Volume 27, Issue 2
  • ISSN 0272-2690
  • E-ISSN: 1569-9889
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Recent literature reviewed by the author, particularly in German and English, leads him to conclude that there is a growing awareness, primarily in Europe, that the progressive establishment of English in the medium term as an international auxiliary language increasingly endangers the very survival of languages and cultures other than English, with the progressive effect of increasing political domination. On the other hand, it is not at all clear to any of the authors of these studies that the phenomenon is a necessary consequence of the political weight of international domination by the United States and the English-language world, and that accordingly a remedy must be found — above all the creation of a political power with a consistency at least comparable to that of the English-speaking world, and, secondarily, the adoption of a European federal language — and future world language — in the form of a planned language (Esperanto is the only one that is ready to use), which, not being the native language of any single people, nor the official tongue of a great power, would not have the “glottophagic” effect of English. Entirely utopian are those alternatives — merely apparent alternatives — currently being proposed in the face of the hegemony of English, such as mass multilingualism, which is neither realizable in practice nor capable of constituting a valid substitute for a single, worldwide language of communication. Such alternatives, almost certainly doomed to failure, will only confirm the conclusive victory of English and the progressive disappearance of other languages.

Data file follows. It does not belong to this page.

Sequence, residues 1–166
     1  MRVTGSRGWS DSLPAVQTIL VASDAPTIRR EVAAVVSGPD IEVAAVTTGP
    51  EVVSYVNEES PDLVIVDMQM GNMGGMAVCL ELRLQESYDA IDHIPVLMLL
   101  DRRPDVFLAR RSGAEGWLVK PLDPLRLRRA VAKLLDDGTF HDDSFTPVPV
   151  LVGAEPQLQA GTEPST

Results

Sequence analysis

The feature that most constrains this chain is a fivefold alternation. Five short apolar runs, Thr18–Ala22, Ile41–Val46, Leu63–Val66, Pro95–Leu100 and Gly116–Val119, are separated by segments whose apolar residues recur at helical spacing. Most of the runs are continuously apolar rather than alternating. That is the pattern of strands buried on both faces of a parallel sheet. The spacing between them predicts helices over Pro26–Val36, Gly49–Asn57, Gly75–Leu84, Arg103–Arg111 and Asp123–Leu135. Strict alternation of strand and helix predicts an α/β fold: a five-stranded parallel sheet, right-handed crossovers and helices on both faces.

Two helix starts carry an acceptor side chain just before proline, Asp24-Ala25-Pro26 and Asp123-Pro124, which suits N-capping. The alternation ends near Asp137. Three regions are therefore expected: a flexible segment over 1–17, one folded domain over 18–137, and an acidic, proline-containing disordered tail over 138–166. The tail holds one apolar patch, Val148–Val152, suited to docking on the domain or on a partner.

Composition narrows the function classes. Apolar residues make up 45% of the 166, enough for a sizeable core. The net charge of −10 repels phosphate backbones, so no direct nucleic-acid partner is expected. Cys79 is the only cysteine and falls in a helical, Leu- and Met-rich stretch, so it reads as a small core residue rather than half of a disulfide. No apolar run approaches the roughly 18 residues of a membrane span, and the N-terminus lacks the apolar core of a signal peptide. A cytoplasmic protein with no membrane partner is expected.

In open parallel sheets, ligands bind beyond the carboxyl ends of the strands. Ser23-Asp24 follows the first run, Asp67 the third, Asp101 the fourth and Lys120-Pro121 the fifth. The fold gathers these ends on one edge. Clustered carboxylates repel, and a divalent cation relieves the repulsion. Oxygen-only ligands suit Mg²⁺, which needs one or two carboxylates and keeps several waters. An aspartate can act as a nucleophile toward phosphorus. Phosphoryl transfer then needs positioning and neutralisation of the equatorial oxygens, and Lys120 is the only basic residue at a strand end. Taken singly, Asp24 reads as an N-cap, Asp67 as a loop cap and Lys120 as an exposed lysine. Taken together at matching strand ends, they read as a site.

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  • Article Type: Research Article
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